January 11, 2019

Best platform for developing iOS apps?

Hello all!

This is my first post, I've been a semi lurker for awhile now. My sister and I are thinking about creating an app for an idea we've had for awhile now. I have a decent background in development, but have never really worked much with iOS apps. Do you recomend a certain software or framework? Thanks!

  1. 2

    If you want to build specifically for iOS, go with what Apple offers: Xcode and Swift. You'll get powerful and well working tools with excellent documentation and you don't need to worry too much about project stability or upgrades.

    If you are certain you want to support Android in the future as well and you know your application will become large enough that maintaining two separate projects is not an option, go with React Native. Just mind you that it will need lots of additional knowledge for building and maintaining a project. If your existing knowledge is around the JavaScript/Node ecosystem, you mind find yourself at home quickly with React Native, though.

    Disclaimer: How do I know? I've had my first iOS app in the store more than ten years ago, built with Objective C and C++. I am working with React Native and little to no native extensions today.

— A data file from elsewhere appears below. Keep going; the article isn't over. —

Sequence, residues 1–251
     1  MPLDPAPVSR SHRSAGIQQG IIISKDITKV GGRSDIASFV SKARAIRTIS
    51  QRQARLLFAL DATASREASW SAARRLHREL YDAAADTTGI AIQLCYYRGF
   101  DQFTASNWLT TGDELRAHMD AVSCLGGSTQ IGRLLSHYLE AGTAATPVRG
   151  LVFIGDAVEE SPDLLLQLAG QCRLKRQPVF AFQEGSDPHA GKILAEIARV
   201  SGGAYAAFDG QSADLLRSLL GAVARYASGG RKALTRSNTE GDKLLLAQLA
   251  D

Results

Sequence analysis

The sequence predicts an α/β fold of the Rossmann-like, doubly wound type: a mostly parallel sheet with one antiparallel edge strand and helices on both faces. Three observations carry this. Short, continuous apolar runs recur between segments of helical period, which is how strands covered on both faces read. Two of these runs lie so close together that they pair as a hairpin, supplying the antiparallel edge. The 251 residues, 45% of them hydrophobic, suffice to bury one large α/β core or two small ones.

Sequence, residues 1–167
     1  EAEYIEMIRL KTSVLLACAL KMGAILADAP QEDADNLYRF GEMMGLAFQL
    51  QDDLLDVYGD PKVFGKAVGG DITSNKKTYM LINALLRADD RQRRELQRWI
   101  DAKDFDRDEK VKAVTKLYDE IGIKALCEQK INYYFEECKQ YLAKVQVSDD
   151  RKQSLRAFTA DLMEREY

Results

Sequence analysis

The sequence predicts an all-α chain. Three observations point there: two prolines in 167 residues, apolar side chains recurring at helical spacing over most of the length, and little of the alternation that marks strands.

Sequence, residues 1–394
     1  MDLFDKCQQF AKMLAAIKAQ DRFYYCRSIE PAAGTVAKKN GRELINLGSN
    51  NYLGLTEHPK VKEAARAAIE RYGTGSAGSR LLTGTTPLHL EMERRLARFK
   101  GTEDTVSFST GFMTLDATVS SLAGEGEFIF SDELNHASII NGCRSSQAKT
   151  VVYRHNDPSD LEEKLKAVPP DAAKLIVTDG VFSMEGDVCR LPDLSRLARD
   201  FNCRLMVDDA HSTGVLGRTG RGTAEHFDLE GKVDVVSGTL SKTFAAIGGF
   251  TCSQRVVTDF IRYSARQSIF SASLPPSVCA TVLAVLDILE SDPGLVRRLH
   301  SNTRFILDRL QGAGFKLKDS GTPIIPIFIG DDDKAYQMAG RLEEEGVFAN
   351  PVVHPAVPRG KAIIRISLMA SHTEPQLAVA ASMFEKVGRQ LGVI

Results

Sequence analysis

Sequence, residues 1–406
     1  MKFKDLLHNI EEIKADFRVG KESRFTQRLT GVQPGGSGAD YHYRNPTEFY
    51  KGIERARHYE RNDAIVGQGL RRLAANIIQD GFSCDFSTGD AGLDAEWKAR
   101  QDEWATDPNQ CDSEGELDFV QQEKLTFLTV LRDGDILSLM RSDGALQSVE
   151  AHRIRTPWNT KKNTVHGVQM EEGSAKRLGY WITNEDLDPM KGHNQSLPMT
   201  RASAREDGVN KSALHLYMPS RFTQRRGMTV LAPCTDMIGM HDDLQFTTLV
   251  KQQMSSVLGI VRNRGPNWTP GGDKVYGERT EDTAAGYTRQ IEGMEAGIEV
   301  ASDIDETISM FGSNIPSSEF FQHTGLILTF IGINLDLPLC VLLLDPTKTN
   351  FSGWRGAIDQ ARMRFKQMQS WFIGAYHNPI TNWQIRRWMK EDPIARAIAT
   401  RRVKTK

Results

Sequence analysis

1. 1

      How do you think React Native compares to Swift and Objective C? I'm thinking of building some test projects on iOS, is it worth taking up Swift or try the React route?

      1. 2

        I find it hard to compare; two very different worlds. Let me give you some examples.

        One difference is, Swift/ObjC are Apple exclusive, there's hardly any use outside that space, except another language learned and another skill on the CV. But when you're using it, you're sailing in relatively calm waters. Apple is opinionated about things, but in return, it's all well documented and it just works. If your goal is solely to build an iOS app, this is probably the easier route.

        When building with plain React Native, you still need to know a bit about the Xcode stuff. At some point, you'll need to fire it up to change the icon, the initial color of the status bar, the splash screen, or to setup distribution profiles, etc. etc.

        Another difference is, Xcode comes with an interface editor that's quite powerful and has really matured over the years. Plain RN, in comparison, comes with literally nothing. More sophisticated UI controls need to be built and styled manually, with code. Styling, btw., can happen through a number of ways, inline, with stylesheets, with styled components,... (Luckily, if you have web development experience, all that will be easy to learn and understand. Flexbox knowledge is particularly helpful.)

        RN in isolation is actually quite limited. For example, once you've designed your first screen and want to move on to the next one, you'll recognise that there's no concept of navigation or routing in RN. When you want to maintain state throughout your app, you'll soon come across Redux and possibly will have to learn another whole new concept and will feel like using a sledgehammer for cracking a nut.